Impact Mapping is a strategic planning skill preventing from getting lost while building products and delivering projects. Clear communicating assumptions, helping teams align their activities with overall business goals.
In this webinar, we presented an overview of Impact Mapping, outlined how it fits into Scrum-centric Agile practices, and explored some of the unique experiences and drawbacks that occur when leveraging Impact Maps in distributed teams.
Nigel Thurlow: Nigel Thurlow is a Lean evangelist, continuous improvement leader, quality advocate, Agile and Scrum coach, and ex-member of The Machine That Changed the World. With more than 25 years of international business experience across a broad spectrum of industries, he has had a strong concentration and enormous success in Enterprise Program Management, helping to develop Agile cultures. Considered by others an expert in Lean implementation and process improvement gained from a Toyota, he evangelizes quality improvement and waste avoidance. He is the principal Scrum coach and trainer at Toyota, and is leading the company’s Agile transformation using the Scrum framework.
Christian Hassa: Christian Hassa helps organizations use software development more effectively to achieve their business goals. He focuses on the collaboration of software delivery teams with business stakeholders, specializing in particular on Impact Mapping, story mapping, and specification by example. Christian has been working in software development since the early 1990s. He is managing partner at TechTalk, a .NET services and consulting company focusing on Agile coaching and delivery. In 2007, he and his team at TechTalk initiated SpecFlow, a .NET open source tool for BDD and specification by example. Christian is also the product owner for SpecMap, a story mapping tool for Visual Studio Team Services.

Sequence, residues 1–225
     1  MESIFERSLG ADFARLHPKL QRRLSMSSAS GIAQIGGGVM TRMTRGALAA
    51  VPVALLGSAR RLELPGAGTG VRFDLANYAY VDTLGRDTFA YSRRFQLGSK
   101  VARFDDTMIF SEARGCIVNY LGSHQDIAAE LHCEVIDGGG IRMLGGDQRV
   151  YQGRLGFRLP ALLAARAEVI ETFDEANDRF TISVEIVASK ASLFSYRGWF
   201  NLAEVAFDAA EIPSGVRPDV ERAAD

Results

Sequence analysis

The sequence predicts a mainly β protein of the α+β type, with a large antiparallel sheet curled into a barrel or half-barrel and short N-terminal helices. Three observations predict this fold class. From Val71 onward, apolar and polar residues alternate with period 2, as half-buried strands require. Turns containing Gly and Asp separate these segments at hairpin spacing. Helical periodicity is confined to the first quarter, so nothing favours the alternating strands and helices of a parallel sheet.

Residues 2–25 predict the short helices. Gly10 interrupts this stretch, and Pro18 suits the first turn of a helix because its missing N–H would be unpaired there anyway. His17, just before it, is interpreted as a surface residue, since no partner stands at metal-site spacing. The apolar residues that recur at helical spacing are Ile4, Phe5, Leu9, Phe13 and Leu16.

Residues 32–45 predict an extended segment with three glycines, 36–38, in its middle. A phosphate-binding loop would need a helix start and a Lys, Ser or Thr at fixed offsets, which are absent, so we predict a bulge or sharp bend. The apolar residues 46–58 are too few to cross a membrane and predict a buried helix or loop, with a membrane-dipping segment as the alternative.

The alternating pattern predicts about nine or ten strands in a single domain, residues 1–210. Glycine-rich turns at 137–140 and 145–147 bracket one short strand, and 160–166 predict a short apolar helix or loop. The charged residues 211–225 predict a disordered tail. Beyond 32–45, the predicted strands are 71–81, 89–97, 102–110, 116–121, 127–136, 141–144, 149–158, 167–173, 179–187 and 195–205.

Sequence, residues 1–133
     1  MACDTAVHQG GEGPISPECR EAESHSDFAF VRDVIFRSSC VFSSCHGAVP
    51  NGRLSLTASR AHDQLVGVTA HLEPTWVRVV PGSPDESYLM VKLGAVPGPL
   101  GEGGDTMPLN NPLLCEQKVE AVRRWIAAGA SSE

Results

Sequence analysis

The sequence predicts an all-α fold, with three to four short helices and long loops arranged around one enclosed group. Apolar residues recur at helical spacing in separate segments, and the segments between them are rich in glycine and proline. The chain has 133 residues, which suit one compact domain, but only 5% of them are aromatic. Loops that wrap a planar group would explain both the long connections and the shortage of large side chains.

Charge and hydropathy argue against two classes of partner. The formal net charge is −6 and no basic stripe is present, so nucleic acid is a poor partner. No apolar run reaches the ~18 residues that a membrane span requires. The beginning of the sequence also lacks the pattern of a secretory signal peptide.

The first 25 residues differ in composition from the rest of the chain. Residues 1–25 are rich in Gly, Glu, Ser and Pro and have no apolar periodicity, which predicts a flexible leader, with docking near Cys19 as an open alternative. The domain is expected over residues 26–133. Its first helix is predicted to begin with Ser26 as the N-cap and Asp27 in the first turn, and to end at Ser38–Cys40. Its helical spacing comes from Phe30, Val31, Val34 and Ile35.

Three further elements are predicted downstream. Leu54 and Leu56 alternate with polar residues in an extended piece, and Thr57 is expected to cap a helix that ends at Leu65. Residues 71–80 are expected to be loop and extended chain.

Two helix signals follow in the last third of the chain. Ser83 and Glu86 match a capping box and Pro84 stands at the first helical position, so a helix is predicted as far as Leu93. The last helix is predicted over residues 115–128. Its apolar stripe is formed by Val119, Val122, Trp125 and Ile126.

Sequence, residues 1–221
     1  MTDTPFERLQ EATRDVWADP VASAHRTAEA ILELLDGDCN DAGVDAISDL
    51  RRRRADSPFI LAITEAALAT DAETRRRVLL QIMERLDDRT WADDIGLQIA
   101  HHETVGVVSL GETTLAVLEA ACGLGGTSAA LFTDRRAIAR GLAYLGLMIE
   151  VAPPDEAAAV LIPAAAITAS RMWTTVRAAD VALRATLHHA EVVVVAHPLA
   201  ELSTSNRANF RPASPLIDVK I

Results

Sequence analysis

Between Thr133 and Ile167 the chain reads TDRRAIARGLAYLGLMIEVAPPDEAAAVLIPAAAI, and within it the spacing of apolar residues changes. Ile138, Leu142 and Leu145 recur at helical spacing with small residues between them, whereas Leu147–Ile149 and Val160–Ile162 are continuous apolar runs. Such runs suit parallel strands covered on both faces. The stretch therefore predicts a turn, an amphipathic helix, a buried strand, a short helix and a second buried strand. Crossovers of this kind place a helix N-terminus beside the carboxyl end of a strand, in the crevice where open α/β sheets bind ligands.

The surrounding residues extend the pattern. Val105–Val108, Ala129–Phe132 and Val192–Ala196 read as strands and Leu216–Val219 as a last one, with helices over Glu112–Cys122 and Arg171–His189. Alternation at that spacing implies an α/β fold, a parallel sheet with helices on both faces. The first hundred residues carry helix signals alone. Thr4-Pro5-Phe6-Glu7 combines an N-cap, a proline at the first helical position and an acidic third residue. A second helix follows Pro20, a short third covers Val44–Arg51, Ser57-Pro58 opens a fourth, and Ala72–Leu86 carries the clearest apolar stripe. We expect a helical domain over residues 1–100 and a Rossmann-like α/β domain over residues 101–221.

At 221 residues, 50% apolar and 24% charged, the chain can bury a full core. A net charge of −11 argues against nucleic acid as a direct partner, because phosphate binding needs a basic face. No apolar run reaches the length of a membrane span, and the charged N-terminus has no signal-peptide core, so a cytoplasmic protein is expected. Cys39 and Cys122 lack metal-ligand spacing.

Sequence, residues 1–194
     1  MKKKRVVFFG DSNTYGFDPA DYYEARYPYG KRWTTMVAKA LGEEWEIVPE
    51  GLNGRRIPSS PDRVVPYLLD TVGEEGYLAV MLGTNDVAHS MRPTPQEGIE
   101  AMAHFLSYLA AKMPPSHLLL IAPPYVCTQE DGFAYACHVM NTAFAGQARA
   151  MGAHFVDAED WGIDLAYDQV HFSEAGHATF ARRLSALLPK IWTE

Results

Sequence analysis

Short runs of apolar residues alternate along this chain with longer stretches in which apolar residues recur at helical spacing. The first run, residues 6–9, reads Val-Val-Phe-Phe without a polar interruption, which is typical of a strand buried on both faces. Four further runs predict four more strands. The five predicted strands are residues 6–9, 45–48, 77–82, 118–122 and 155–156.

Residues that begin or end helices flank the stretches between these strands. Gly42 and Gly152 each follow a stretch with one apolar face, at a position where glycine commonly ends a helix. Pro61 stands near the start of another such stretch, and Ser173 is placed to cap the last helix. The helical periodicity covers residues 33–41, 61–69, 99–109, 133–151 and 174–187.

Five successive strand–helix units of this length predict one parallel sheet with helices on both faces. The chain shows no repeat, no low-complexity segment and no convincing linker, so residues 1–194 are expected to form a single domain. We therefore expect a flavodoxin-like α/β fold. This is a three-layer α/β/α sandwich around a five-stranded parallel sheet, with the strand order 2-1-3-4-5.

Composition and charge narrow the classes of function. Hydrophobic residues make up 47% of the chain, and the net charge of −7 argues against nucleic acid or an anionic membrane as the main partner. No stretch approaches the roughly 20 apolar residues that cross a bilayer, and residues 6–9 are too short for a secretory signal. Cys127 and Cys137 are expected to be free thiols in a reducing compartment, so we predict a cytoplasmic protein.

Luke Hohmann: Luke Hohmann is the founder and CEO of Conteneo In.(formerly the Innovation Games Company). Conteneo's enterprise software platforms and professional services merge collaboration frameworks, data analytics, and domain expertise to help organizations optimize decision making in the areas of strategy, innovation, sales, product development, and market research. Luke is also co-founder of Every VoiceEngaged Foundation, a 501(c) 3 nonprofit that helps citizens, governments, and other nonprofit organizations collaborate at scale to solve technical and wicked problems.
Answer: Both Impact Mapping and Story Mapping are a lightweight visual collaboration methods. Because the method uses card mapping to visualize goals, actor, impacts and deliverables.
Answer: Understanding the expected outcome of a requested Deliverable (User Story) helps teams delivering the most effective solution to a given problem. User Stories are the artifact at the heart of the continuing dialog between what is desirable and what is possible (Kent Back, http://c2.com/xp/UserStory.html). An Impact Map visualizes these expected outcome of user stories and also how they contribute to a higher level business goal of the organization.
Answer: Impact Mapping is a concrete visualization and collaboration method that can be also used for Risk Management (but also for other complex problem solving activities). “Risk Management” is a generic term which I wouldn’t associate any particular method with (there are many methods for risk management).